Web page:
From: Anton Ertl (anton_at_mips.complang.tuwien.ac.at)
Date: Mon, 14 Feb 2005 15:07:56 GMT
Randy Howard <randyhoward@FOOverizonBAR.net> writes:
>In article <firstname.lastname@example.org>,
>> AFAIK a journalling filesystem will permit fast startup (no fsck) but
>> cannot prevent data loss in the case of a power failure.
If you want to prevent all data loss (of stuff written to the file
system), you have to run the file system synchronously (very slow).
If what you mean is that journaling only gives you metadata
consistency guarantees (i.e., the directory structure and inode
information will be preserved, but not necessarily the data), you are
right for many journaling file systems.
However, ext3 used to have the data=journal mode which would give data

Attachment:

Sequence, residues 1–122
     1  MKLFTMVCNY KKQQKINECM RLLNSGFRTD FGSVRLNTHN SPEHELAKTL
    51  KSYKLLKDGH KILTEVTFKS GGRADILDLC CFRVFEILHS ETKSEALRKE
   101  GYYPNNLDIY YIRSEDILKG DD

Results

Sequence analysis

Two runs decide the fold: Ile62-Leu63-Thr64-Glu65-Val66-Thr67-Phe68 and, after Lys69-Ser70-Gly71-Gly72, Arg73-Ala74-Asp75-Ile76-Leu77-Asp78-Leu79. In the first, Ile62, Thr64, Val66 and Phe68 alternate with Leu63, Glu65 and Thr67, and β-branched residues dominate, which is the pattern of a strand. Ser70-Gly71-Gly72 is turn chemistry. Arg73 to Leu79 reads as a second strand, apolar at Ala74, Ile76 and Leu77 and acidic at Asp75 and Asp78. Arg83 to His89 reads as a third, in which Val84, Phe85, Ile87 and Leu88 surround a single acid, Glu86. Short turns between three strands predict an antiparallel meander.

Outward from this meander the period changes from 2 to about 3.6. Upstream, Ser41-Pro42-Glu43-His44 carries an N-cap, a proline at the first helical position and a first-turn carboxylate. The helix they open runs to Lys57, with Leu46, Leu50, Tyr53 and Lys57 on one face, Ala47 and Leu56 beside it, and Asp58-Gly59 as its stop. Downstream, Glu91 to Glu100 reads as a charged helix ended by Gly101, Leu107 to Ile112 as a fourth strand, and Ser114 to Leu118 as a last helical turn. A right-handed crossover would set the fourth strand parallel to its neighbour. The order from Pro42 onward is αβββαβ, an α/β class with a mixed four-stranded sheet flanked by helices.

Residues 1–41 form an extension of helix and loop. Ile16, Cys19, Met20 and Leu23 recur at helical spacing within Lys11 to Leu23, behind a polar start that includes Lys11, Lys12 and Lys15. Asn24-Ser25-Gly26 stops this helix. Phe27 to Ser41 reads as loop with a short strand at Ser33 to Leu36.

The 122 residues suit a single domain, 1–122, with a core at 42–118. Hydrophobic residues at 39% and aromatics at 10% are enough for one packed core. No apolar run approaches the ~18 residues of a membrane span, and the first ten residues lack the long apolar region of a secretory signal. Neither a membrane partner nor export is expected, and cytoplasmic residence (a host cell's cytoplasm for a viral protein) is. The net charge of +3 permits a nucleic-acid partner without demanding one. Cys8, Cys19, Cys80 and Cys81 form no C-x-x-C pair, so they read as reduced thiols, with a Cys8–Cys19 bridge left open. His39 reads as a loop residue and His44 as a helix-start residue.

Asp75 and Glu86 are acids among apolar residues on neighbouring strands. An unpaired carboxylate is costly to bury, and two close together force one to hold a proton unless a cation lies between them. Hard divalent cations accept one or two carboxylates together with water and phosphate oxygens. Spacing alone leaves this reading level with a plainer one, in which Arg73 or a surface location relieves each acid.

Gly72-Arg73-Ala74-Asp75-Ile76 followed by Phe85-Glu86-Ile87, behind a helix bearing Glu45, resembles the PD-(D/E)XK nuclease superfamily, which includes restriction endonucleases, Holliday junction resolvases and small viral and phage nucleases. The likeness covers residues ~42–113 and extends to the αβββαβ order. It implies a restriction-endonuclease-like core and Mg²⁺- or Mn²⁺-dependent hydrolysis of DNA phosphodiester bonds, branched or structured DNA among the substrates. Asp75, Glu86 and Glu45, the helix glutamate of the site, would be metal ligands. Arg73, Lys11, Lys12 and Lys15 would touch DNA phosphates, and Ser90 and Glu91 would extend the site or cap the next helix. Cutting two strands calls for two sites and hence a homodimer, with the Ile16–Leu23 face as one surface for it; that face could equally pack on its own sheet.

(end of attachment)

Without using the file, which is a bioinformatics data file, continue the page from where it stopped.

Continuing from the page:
consistency guarantees (you might lose the last blocks of data
written, but not more). Unfortunately, the last thing I heard about
it is that it is not maintained much anymore, is buggy, and should not
>There is this neat gizmo, called a UPS that will detect the failure,
>and keep your system running temporarily via battery.
Won't prevent power failures from failing power supplies, and
introduces a new type of power failure: the failing UPS. We don't use
UPSs any more because in our experience they are not more reliable than
-- M. Anton Ertl Some things have to be seen to be believed email@example.com Most things have to be believed to be seen http://www.complang.tuwien.ac.at/anton/home.html